Over the last 20 years, Australian media has had to deal with the realities of digitisation and the rise of social media. These closely related events have undermined the advertising business model that most media had depended on, and the effect of that has been devastating for journalism.
But the digital revolution has had another impact on the media, too. Once, the mainstream media was the only place most of us could find out the sort of information that we broadly call ‘news’ – everything from what was happening internationally to the performance of our local football team.
That virtual monopoly no longer exists.
Journalists are no longer the only game in town, and their authority is constantly challenged by alternative sources of (often expert) information, and by an audience no longer consigned to passive readership.
We have entered a period which, in my book, The Future of Everything, I call ‘fusion media’, a situation in which new media platforms such as Google, Facebook and Twitter coexist with the old media of television, radio and newspapers.
This new space brings together amateurs and professionals in a way that wasn’t previously possible and creates new and different relationships of power between the media and its audience and, most importantly, between the media and politics.
Even before digitisation, Australia had just about the most concentrated media ownership in the democratic world, with News Corp controlling a massive slice of our print media (around 70 per cent).
But since digitisation and the weakening of traditional media outlets we have seen even greater consolidation. Most recently Fairfax was consumed whole by the Nine Entertainment Company, an organisation that also owns the Macquarie radio network and Pedestrian and basically operates as a media investment fund.
In a small market like Australia, this sort of ownership model tends, almost inevitably, towards conservative news coverage and we are increasingly seeing this happen with Fairfax, once a news organisation that you could rely on to be relatively centrist in its reporting.
The fusion media phenomenon also encourages media companies to deliver niche news offerings: it’s easier and more profitable to target and build a niche audience that is animated by a handful of issues, than it is to attract a smaller percentage of a general audience.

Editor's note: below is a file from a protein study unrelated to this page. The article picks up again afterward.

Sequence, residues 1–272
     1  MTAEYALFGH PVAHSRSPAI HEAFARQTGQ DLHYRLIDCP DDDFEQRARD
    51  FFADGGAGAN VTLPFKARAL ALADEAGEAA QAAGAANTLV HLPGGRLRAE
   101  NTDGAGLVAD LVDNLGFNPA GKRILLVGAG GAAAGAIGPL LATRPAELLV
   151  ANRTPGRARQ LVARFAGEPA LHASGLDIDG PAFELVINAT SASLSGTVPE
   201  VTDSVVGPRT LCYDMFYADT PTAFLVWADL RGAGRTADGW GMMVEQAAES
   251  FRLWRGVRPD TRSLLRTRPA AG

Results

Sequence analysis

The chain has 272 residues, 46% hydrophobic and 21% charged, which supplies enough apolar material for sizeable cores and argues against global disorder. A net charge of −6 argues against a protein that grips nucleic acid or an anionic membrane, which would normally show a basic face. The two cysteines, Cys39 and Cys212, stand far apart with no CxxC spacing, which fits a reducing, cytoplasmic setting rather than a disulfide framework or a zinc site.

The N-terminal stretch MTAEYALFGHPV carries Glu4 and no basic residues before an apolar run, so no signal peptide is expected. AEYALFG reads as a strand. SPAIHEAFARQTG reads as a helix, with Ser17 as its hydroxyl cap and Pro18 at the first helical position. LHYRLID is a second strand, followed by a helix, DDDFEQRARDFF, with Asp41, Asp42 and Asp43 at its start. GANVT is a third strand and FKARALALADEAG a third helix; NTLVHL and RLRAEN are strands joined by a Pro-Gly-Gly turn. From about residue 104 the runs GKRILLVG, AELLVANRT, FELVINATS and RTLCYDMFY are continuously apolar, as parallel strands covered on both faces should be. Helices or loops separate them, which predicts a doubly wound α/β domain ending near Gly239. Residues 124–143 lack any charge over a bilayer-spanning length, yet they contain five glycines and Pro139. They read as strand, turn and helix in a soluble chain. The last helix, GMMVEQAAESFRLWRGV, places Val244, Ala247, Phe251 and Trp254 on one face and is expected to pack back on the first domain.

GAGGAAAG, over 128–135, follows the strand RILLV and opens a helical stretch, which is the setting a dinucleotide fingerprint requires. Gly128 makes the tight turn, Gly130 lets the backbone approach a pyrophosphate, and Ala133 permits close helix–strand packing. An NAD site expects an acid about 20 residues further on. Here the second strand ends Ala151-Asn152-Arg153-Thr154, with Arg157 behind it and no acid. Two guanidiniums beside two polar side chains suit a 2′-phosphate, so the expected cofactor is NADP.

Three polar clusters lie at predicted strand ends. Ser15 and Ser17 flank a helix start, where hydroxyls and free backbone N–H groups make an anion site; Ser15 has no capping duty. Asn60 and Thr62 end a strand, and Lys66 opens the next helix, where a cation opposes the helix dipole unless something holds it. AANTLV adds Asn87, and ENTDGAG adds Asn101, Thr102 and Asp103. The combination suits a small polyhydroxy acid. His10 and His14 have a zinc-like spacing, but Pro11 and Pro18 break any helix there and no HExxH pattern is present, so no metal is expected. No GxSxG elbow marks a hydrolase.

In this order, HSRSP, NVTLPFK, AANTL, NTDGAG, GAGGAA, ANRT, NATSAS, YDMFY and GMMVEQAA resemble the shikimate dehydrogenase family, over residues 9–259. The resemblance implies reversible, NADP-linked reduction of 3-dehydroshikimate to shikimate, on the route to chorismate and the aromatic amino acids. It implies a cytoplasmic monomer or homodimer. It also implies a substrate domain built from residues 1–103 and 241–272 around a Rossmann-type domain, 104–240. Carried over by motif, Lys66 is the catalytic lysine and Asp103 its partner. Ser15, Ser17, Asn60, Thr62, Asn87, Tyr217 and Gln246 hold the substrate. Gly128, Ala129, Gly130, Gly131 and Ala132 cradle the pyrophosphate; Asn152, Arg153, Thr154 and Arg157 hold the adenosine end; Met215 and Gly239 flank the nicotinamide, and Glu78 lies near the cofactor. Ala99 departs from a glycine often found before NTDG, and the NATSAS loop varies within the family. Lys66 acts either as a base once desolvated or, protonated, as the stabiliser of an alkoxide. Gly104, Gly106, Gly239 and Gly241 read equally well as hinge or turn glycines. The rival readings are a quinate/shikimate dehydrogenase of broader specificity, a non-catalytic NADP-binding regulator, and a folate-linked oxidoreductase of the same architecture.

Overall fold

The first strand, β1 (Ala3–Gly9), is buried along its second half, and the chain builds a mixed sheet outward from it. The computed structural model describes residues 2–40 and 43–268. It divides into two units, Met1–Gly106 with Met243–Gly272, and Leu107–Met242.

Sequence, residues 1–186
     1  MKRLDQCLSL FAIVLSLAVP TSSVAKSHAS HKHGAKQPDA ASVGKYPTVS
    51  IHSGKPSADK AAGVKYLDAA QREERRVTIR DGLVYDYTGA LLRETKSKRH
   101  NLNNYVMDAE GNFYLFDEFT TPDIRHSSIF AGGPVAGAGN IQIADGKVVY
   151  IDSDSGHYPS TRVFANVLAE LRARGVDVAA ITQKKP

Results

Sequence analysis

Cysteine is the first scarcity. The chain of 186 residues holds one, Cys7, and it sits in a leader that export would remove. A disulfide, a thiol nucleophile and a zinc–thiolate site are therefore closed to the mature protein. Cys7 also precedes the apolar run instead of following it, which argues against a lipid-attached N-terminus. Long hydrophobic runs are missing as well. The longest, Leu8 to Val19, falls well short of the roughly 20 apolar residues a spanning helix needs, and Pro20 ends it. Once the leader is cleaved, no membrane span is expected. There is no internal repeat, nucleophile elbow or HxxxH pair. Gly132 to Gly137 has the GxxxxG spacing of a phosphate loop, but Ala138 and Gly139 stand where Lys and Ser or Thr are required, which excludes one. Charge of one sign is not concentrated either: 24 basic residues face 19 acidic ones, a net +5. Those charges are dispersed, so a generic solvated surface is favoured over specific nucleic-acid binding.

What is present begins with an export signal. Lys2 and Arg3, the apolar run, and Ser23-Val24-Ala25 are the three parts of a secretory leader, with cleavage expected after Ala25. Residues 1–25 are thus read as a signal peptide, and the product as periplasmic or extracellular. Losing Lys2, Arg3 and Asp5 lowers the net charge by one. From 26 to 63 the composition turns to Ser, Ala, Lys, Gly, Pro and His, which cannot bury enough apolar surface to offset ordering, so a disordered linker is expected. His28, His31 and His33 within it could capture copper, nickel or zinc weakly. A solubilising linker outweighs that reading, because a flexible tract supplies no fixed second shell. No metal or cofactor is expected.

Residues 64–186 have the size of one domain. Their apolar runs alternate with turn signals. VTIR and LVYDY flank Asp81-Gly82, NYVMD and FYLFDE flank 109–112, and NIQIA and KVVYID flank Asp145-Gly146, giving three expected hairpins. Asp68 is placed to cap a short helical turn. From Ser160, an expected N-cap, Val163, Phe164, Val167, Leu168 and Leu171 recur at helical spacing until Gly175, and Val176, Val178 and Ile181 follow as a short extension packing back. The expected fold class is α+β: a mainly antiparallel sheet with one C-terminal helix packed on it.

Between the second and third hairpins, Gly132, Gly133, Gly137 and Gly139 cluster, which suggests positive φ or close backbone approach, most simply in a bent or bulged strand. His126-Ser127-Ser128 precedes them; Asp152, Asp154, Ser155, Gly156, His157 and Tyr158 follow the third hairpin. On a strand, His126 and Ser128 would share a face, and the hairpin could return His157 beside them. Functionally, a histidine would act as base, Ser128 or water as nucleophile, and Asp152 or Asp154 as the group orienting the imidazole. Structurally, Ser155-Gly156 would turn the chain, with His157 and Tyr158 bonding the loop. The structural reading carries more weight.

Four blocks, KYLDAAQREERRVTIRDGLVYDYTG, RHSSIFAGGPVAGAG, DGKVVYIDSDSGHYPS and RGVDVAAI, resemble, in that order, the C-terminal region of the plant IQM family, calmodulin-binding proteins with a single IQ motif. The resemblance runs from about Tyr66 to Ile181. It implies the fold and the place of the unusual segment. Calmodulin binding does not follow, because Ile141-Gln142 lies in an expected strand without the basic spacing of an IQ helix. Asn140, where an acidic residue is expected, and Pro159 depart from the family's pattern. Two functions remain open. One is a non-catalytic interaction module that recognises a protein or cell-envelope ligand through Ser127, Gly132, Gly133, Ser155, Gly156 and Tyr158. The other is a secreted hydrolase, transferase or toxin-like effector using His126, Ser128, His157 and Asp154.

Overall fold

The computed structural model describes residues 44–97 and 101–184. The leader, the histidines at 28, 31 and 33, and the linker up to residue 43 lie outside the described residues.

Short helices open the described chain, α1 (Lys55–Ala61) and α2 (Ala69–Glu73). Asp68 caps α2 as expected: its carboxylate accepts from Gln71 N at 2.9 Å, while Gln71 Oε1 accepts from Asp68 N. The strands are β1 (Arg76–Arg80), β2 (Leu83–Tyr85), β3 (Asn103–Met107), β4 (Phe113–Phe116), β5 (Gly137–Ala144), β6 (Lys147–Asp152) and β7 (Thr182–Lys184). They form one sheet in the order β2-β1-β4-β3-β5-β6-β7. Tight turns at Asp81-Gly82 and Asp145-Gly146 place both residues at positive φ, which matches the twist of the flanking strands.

That’s why many News Corp mastheads, particularly The Australian, have positioned themselves as unabashedly – and often laughably – right wing, eschewing any attempt to appeal to a broader audience.
It’s not all bad, of course. The entry of The Guardian into the Australian market in 2013 provided some much-needed diversity. Its editorial position is broadly progressive, providing singular coverage of topics such as climate change, asylum seekers, and domestic violence issues.
Australia is also home to The Conversation, one of the most innovative and successful media start-ups of the last 20 years anywhere in the world. Funded by a combination of government grants and contributions from universities and readers, it draws on the expertise of university academics who work with journalists to produce in-depth content.
But the ABC, under constant threat of revenue cuts by successive conservative governments, now tends to offer up bland, populist offerings like Q&A, and remains wedded to outdated techniques of ‘balance’ and ‘gotcha’ (see 7.30) that are simply untenable in the fusion environment.
Overall, it’s hard to be satisfied with Australia’s news media. There are some undeniable bright spots, such as the Fairfax investigative unit and the ABC’s Four Corners which continue, by and large, to hold the powerful to account.
Yet in general, Australia’s media is tepid and unadventurous, if not outright conservative or right wing.
What is needed is a complete rethink, not just of the business model, but of the basic craft of interviewing and reporting, as well as a willingness to make journalism more transparent to an audience increasingly being asked to directly fund their work via subscriptions and memberships.
What does all of this mean for Australian democracy? Well, if a functioning democracy requires a diverse and fearless media, and we no longer have a diverse and fearless media…
Do the math.
Tim Dunlop is an author, speaker and analyst specialising in media, politics and the future of work. He’s the author of three books, including Why the Future is Workless and The Future of Everything. You can follow him on Twitter and support his work on Patreon.